Maybe not entirely unreasonable, but it doesn’t quite seem to scan. The application of this function to the second example is even more absurd –- “would to God that everyone would consider this” is clearly a comment separate from the original aphorism, not meant to form part of it. So possibly the mark is merely meant to draw our attention to the marginal comment, and its relevance to that place in the text? If so, it’s hard to see this as constituting a ‘deliberate alteration of the writing itself’. The + might just be another piece of marginalia, another type of ‘highlight’, a symbol used to draw our attention to the relationship between the underlined section of the aphorism and the marginal note, which is already apparent through their physical proximity. As a signal to the reader, the + mark is unnecessary, superfluous. And yet Blake, very frequently in this book, draws similar crosses next to other marginal notes, which appear to us completely different to the one on page 118. For example:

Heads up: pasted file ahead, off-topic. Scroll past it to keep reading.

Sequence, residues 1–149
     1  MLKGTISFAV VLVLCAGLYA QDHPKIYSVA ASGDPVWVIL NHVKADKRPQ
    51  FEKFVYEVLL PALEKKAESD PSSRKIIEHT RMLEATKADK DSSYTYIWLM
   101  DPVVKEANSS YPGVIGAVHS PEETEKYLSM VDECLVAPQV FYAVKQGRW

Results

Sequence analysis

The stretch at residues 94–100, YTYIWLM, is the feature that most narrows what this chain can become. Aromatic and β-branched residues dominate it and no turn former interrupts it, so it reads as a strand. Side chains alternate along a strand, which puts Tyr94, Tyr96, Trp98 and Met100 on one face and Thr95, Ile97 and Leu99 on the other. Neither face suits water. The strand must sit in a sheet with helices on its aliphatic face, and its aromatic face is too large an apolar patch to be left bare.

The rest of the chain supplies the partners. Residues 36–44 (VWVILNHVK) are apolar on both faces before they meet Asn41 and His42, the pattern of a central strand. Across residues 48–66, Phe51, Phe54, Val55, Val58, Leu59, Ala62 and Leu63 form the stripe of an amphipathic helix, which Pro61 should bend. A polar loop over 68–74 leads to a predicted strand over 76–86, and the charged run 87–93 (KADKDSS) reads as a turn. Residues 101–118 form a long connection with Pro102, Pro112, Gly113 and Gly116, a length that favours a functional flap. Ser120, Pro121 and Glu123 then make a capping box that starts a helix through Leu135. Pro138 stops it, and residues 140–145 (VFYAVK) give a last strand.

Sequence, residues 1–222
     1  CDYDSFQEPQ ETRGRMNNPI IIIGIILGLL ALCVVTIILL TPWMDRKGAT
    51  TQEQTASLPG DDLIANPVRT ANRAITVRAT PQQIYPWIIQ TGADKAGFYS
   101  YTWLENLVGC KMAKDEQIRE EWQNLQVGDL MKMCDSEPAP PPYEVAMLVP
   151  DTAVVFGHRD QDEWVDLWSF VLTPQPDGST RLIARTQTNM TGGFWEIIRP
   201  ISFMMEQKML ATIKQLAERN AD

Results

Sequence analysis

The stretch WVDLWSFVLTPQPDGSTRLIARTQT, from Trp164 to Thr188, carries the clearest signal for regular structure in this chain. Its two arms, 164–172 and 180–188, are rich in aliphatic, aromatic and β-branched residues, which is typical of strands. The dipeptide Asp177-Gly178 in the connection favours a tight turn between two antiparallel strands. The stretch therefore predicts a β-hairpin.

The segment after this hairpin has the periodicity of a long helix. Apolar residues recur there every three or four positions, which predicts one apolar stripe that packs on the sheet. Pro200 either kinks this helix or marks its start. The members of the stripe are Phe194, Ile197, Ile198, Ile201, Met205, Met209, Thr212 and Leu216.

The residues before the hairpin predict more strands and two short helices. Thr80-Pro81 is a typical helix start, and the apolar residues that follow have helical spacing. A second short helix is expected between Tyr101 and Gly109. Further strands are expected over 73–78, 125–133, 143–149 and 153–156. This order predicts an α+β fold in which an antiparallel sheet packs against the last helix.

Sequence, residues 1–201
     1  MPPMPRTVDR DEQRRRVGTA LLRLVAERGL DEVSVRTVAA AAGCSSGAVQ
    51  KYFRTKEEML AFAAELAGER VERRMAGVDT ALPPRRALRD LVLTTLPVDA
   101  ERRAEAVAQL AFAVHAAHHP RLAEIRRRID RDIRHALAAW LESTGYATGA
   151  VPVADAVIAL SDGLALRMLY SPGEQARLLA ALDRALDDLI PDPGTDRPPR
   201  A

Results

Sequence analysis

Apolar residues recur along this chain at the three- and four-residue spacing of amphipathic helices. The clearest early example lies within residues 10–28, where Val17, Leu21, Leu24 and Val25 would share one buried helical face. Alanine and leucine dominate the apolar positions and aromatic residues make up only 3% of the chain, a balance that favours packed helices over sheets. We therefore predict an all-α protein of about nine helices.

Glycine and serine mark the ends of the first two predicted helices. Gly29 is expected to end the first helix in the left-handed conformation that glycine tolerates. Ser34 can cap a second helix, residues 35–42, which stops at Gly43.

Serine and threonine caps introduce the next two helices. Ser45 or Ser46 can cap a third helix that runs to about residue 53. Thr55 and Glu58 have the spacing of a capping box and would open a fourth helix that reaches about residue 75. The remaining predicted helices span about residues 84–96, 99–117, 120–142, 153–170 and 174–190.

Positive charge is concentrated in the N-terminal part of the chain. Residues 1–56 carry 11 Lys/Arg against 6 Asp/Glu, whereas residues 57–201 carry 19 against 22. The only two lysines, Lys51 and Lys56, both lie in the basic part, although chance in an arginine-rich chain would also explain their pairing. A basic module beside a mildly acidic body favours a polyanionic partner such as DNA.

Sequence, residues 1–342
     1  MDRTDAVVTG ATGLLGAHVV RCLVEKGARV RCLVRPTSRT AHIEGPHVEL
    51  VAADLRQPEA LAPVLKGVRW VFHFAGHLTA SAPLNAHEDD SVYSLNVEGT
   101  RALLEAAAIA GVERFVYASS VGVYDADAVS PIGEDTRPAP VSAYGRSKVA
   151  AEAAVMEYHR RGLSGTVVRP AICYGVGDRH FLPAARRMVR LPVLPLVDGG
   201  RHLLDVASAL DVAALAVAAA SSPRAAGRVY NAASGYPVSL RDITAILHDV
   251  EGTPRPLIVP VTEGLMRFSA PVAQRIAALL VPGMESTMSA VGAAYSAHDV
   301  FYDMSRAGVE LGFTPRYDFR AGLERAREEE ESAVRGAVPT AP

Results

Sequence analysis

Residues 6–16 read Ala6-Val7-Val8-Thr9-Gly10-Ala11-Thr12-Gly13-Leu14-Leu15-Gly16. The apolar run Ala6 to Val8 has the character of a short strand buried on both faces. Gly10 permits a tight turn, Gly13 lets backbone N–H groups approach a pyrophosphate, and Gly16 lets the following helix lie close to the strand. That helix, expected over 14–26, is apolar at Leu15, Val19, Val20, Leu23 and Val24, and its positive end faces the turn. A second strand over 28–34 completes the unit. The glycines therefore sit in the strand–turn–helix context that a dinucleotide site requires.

So really, all that differentiates this symbol from the other two examples, is that there are two separate symbols there: one in the margin, one in the text. It’s only our awareness with paratextual features like editorial ‘insert here’ marks, that lead us to suppose that this is an important distinction. So, two questions for the Marginalia group — should they be specially marked at all? And if so, do we use <metamark>?

November 4, 2016

Sisyphus and Consistency

Filed under: XML — Adam Engel @ 2:01 pm

My recent projects as Editorial Assistant at the William Blake Archive have shared a mission: to ensure the consistency of the Archive’s text. My last project was to go through the Blake Archive Documents (BADs) and capitalize the C’s, P’s, and O’s in the words “Copy,” “Plate,” and “Object” (and their plurals) whenever they refer to specific copies, plates, or objects. My current project is to enter Bob Essick’s revisions to the lists of related works for each object, so that when the redesigned Archive is unveiled, it will have the most comprehensive, accurate, and consistent information possible.


November 3, 2016

Spelling Lessons